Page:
The temperature range the oil is exposed to in most vehicles can be wide, ranging from cold ambient temperatures in the winter before the vehicle is started up to hot operating temperatures when the vehicle is fully warmed up in hot summer weather. A specific oil will have high viscosity when cold and a low viscosity at the engine's operating temperature. The difference in viscosities for any single-grade oil is too large between the extremes of temperature. To bring the difference in viscosities closer together, special polymer additives called viscosity index improvers, or VIIs are added to the oil. These additives make the oil a multi-grade motor oil. The idea is to cause the multi-grade oil to have the viscosity of the base number when cold and the viscosity of second number when hot. This enables one type of oil to be generally used all year, and when multi-grades were initially developed, they were frequently described as all-season oil. The viscosity of a multi-grade oil still varies logarithmically with temperature, but the slope representing the change is lessened. This slope representing the change with temperature depends on the nature and amount of the additives to the base oil.
The SAE designation for multi-grade oils includes two grade numbers; for example, 10W-30 designates a common multi-grade oil. Historically, the first number associated with the W (again 'W' is for Winter, not Weight) is not rated at any single temperature. The "10W" means that this oil can be pumped by your engine as well as a single-grade SAE 10 oil can be pumped. "5W" can be pumped at a lower temperature than "10W" and "0W" can be pumped at a lower temperature than "5W". The second number, 30, means that the viscosity of this multi-grade oil at 100 °C (212 °F) operating temperature corresponds to the viscosity of a single-grade 30 oil at same temperature. The governing SAE standard is called SAE J300. This "classic" method of defining the "W" rating has since been replaced with a more technical test where a "cold crank simulator" is used at increasingly lowered temperatures. A 0W oil is tested at −35 °C (−31 °F), a 5W at −30 °C (−22 °F) and a 10W is tested at −25 °C (−13 °F). The real-world ability of an oil to crank in the cold is diminished soon after it is put into service. The motor oil grade and viscosity to be used in a given vehicle is specified by the manufacturer of the vehicle (although some modern European cars now have no viscosity requirement), but can vary from country to country when climatic or fuel efficiency constraints come into play.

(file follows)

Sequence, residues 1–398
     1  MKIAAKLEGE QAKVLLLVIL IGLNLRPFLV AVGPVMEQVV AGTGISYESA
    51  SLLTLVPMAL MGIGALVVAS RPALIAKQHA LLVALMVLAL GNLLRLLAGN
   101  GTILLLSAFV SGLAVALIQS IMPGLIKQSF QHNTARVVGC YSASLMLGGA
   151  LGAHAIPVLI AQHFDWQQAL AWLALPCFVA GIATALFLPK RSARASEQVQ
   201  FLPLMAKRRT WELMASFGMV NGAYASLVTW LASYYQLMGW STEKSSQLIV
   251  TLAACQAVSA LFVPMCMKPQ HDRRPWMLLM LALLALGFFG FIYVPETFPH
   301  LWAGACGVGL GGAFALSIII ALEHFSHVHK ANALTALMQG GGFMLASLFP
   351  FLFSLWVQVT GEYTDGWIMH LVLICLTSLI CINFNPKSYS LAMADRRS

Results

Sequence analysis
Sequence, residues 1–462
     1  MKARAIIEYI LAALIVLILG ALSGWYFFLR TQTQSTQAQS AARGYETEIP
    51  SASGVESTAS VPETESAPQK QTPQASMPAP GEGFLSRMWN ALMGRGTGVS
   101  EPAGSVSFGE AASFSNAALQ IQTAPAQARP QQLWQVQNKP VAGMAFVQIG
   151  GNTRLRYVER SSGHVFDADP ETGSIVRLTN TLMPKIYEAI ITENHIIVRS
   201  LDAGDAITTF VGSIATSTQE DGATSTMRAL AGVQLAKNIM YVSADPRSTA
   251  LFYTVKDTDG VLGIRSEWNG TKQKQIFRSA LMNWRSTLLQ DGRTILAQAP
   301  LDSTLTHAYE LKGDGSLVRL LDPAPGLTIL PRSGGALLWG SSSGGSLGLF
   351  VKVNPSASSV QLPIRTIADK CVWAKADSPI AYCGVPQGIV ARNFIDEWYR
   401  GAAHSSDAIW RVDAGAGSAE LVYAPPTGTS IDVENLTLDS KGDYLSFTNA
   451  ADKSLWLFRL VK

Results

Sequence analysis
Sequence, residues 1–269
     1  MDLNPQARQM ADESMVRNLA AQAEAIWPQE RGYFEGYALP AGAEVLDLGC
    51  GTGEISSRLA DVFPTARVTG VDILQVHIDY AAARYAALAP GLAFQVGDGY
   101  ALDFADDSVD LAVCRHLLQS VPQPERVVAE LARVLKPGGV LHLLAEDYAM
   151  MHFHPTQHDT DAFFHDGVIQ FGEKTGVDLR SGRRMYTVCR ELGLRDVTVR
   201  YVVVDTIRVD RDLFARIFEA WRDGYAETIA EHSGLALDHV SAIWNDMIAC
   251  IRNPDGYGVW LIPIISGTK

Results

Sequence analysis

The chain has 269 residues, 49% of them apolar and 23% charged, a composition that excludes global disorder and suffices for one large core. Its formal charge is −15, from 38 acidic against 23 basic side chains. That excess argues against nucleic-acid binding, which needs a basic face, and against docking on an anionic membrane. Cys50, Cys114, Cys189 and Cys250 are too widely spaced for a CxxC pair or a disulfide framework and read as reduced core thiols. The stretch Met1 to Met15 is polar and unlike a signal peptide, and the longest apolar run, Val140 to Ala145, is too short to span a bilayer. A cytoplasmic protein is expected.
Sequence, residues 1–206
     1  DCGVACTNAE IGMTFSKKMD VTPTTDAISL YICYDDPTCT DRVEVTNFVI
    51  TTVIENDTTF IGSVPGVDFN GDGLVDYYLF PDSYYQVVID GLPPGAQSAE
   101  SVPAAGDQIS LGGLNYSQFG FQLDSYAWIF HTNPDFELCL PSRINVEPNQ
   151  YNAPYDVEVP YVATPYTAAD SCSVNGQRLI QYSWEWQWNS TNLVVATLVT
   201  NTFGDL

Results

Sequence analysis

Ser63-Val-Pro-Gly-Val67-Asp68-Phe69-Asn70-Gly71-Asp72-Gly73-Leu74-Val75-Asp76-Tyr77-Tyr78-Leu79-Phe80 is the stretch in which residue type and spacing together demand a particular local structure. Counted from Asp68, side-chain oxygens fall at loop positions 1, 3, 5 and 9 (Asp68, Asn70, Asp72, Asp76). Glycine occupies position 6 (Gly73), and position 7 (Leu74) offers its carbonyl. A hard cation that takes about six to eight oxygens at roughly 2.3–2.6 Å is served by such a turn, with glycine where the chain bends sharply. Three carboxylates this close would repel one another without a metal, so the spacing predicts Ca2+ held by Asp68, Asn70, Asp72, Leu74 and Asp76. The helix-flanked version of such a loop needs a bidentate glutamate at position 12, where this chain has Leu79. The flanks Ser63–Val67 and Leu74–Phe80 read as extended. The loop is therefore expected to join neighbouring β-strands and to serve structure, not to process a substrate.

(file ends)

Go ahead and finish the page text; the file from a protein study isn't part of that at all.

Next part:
Use 10W-30 if you want to, it'll be fine. But it's not like straight 30 is hard to find -- every parts store has it, probably because just about every piece of lawn and garden equipment specs it. The bigger difference between the two is likely all the crap that's in it - 10W-30 probably has all kinds of energy saving additives in it to make the cars and greenies happy, whereas the straight 30 likely has lots of detergents in it because it's typically used in nasty old tractors and such. But I'd be willing to bet that more than a few brands put the exact same stuff in both bottles and just use a different label.
 
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EddieC

EddieC

Well-Known Member
Feb 1, 2006
377
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Thanks Brandon, good info that I can use.